“Good artists copy, great artists steal.”
— Pablo Picasso
Jazz musicians “quote”, rappers “sample”, and filmmakers pay homage. They take snippets of other works and incorporate them into their own stuff. It might seem like stealing. I see it more as tipping the hat to the masters. Imitation is the best kind of flattery, right? In that vein, I’m kicking off the “homage sequence” series in which I compare and contrast the original inspiration sequence and the homage version. Sometimes the inspiration is clearcut and other times not so much…
But I’ll start with an obvious example: Spike Lee paying homage to Charles Laughton’s Night of the Hunter. Laughton’s only movie as a director is a classic, a mashup of a fairy tale and a film noir, in which Robert Mitchum plays one of the best villains in film history, the psychopathic Rev. Harry Powell.
In the state penitentiary for car theft, Rev. Powell’s cellmate is a bank robber and murderer named Ben Harper (Peter Graves). Before the police arrested him, Ben stashed the cash inside his little girl Pearl’s rag doll. Then he swore her and his ten year-old son, John, to secrecy. Before he’s executed for murder, Ben tells Powell he hid the loot — but doesn’t tell him the exact location. Fooled by Powell’s gentle demeanor, Ben begs him to look after his wife and kids when Powell gets out. Rev. Powell readily agrees, secretly salivating over the cash. I’m not going to spoil the rest of the movie. Suffice it to say that it’s a must-see for any film buff.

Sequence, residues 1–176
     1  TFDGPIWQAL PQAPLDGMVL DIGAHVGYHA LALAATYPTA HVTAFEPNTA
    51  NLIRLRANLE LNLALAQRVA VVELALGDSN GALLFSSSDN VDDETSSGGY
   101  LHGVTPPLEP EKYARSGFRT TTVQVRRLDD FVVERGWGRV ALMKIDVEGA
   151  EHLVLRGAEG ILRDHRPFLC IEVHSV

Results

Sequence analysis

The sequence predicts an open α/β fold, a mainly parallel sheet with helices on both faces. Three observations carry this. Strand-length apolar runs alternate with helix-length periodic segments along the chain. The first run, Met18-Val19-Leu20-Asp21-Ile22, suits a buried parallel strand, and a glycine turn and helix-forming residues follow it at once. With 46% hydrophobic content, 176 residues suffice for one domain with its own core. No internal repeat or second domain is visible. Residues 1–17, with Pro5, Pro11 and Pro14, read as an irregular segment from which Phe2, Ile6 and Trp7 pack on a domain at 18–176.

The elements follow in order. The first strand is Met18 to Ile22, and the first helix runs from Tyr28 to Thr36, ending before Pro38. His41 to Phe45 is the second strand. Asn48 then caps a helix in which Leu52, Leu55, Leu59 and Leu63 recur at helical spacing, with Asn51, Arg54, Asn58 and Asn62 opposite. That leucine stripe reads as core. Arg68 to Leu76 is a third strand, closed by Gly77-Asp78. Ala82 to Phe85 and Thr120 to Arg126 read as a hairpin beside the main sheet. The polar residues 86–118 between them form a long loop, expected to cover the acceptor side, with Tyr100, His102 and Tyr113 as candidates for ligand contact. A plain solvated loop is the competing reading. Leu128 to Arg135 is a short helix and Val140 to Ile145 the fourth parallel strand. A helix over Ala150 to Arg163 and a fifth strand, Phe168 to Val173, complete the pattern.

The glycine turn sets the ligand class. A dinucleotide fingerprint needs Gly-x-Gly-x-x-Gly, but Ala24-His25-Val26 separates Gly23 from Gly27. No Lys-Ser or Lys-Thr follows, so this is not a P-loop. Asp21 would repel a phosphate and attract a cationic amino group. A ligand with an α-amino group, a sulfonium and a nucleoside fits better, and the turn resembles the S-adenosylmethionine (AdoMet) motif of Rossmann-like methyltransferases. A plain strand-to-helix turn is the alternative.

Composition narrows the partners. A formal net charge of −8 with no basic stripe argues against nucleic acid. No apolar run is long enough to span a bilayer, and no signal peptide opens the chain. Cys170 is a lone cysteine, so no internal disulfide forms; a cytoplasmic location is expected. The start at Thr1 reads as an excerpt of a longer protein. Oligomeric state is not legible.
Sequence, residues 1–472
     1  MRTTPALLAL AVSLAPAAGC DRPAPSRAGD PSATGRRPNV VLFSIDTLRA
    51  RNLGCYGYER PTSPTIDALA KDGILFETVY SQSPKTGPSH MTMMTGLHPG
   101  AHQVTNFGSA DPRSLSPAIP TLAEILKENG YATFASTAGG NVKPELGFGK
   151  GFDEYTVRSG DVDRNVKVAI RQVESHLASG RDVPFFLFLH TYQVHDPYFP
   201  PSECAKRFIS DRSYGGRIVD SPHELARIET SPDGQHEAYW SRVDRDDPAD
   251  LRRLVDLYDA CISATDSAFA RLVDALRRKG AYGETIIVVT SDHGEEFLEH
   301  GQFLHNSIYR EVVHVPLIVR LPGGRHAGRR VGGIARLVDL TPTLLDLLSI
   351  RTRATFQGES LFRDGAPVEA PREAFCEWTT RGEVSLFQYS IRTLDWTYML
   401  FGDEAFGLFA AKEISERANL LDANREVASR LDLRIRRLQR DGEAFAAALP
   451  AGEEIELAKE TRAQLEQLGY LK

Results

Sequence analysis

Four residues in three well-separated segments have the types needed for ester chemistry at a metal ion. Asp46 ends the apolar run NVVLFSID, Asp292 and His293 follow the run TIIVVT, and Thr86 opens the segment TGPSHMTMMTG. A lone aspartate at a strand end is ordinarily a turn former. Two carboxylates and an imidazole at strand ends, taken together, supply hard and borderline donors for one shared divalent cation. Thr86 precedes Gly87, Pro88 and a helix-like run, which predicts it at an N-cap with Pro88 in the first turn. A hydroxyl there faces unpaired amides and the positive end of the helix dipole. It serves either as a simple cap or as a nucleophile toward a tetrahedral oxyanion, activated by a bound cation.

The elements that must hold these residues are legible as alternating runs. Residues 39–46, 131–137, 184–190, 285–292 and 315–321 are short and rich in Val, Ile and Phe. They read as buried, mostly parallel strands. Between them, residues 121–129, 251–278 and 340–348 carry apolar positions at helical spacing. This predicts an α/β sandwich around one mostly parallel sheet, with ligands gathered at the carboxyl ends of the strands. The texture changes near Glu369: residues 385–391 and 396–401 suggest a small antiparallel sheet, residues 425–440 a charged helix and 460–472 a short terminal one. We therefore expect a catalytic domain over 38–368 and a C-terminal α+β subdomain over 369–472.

Anyway, on to the sequence in question: Rev. Powell’s first meeting with Ben’s wife Willa (Shelley Winters), in which he charms everyone with a memorable take on the Cain and Abel story. Everyone that is, except for young John (Billy Chapin).
And here is Spike Lee’s updated take, from his own classic movie, Do The Right Thing, featuring Bill Nunn as Radio Raheem and Lee as Mookie:
Both sequences make a larger, ironic point about each movie’s message and it’s achieved in an entertaining, visually arresting manner.
Do you know any other homage sequences in movies?